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The sad story of Pirou-Plage Ghost Village

2 min read

We are in France, Normandy, in the resort of Pirou-Plage which remained a half-built ghost town, until its colorful houses were discovered by squatters and ravers in the 2000s.
The French village, born of a financial fiasco in the 1990s, so has taken on a new identity, becoming a hub for artists and filmmakers and becoming an art project open to all.
This piece of land is situated a couple hundred meters from the beach, behind a nice natural dune, and the original plan was to turn it into an ambitious holiday village. The site was called “Aquatour”, with 75 houses, a hotel-club, and two tennis courts, in a small lovely seaside town that counts only 1,500 year-round inhabitants.

The promoter was a convincing salesman: he quickly sold all the houses (on paper, of course). But no plans were made for water, electricity or draining. So, by April 1992, 25 houses were already up when the building work suddenly stopped. The contractors were not paid anymore, and the stubborn promoter had vanished with its investor’s money. At the end, Pirou-Plage would never became a holiday village.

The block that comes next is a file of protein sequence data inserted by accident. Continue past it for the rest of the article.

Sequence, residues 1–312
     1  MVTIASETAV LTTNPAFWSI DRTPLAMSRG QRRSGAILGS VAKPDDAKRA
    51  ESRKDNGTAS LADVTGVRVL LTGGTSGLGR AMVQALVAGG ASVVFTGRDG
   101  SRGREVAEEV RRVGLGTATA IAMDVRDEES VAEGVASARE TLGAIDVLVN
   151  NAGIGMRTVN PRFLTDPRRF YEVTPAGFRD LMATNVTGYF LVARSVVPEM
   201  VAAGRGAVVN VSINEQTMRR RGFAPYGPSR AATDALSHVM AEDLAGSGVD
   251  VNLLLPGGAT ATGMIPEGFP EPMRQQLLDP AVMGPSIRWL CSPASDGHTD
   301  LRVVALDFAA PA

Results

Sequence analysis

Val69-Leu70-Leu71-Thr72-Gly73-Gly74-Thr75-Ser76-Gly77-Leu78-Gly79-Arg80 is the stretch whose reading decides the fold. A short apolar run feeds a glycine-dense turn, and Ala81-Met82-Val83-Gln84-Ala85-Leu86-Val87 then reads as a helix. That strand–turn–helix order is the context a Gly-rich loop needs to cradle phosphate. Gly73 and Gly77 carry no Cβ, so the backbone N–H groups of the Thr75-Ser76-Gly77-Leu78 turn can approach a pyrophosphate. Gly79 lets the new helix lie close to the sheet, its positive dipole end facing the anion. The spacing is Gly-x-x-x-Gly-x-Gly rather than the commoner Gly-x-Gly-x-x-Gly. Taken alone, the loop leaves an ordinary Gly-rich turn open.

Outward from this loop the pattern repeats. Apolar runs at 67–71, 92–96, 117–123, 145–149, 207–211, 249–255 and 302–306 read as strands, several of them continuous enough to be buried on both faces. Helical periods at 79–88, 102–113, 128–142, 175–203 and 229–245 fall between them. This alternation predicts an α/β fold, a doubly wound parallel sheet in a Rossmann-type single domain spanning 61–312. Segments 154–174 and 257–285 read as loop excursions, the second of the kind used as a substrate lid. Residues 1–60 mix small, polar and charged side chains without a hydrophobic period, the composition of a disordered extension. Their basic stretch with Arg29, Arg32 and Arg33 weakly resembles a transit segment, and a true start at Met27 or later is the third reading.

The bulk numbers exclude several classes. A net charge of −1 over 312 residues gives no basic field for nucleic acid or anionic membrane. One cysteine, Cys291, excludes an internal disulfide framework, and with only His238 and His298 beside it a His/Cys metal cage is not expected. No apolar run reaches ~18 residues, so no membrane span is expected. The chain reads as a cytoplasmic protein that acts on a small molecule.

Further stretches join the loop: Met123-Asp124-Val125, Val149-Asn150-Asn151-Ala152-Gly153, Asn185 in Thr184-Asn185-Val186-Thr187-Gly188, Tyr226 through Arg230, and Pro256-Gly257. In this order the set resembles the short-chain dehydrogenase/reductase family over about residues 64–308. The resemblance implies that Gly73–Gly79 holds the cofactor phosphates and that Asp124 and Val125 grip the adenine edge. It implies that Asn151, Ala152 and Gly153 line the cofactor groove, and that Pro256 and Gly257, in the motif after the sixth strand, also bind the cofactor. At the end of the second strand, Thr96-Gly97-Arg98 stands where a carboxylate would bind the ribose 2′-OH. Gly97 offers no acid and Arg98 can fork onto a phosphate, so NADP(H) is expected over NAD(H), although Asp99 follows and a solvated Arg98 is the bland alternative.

The new houses were plundered, and of course, everything that could easily be taken away disappeared. Doors, windows, and roof tiles, and the ghost houses then became homes for squatters and ravers. The ambitious project quickly became a sort of seasonal ghost village, open to whoever wanted to come, without barriers or limitations.

However, since 2000s, Pirou-Plage’s story took another interesting twist when it started to attract various kind of artists, from street artists to painters, photographers, and filmmakers which adopted the abandoned resort, and for the first time its houses were lively. In 2014, some Pirou inhabitants were featured in projects led by the famous French photographer and street artist JR, and filmmaker Agnès Varda.
Of course, word of mouth and media coverage spread the news, and Pirou-Plage soon became a cool place to go. But unfortunately, not for long. Recently, about two years ago, local authorities made plans to bring in bulldozers for demolish the resort’s graffiti-covered structures. and unfortunately it’s all true. The demolitions started right in 2016, and now there should be nothing left. (Source)

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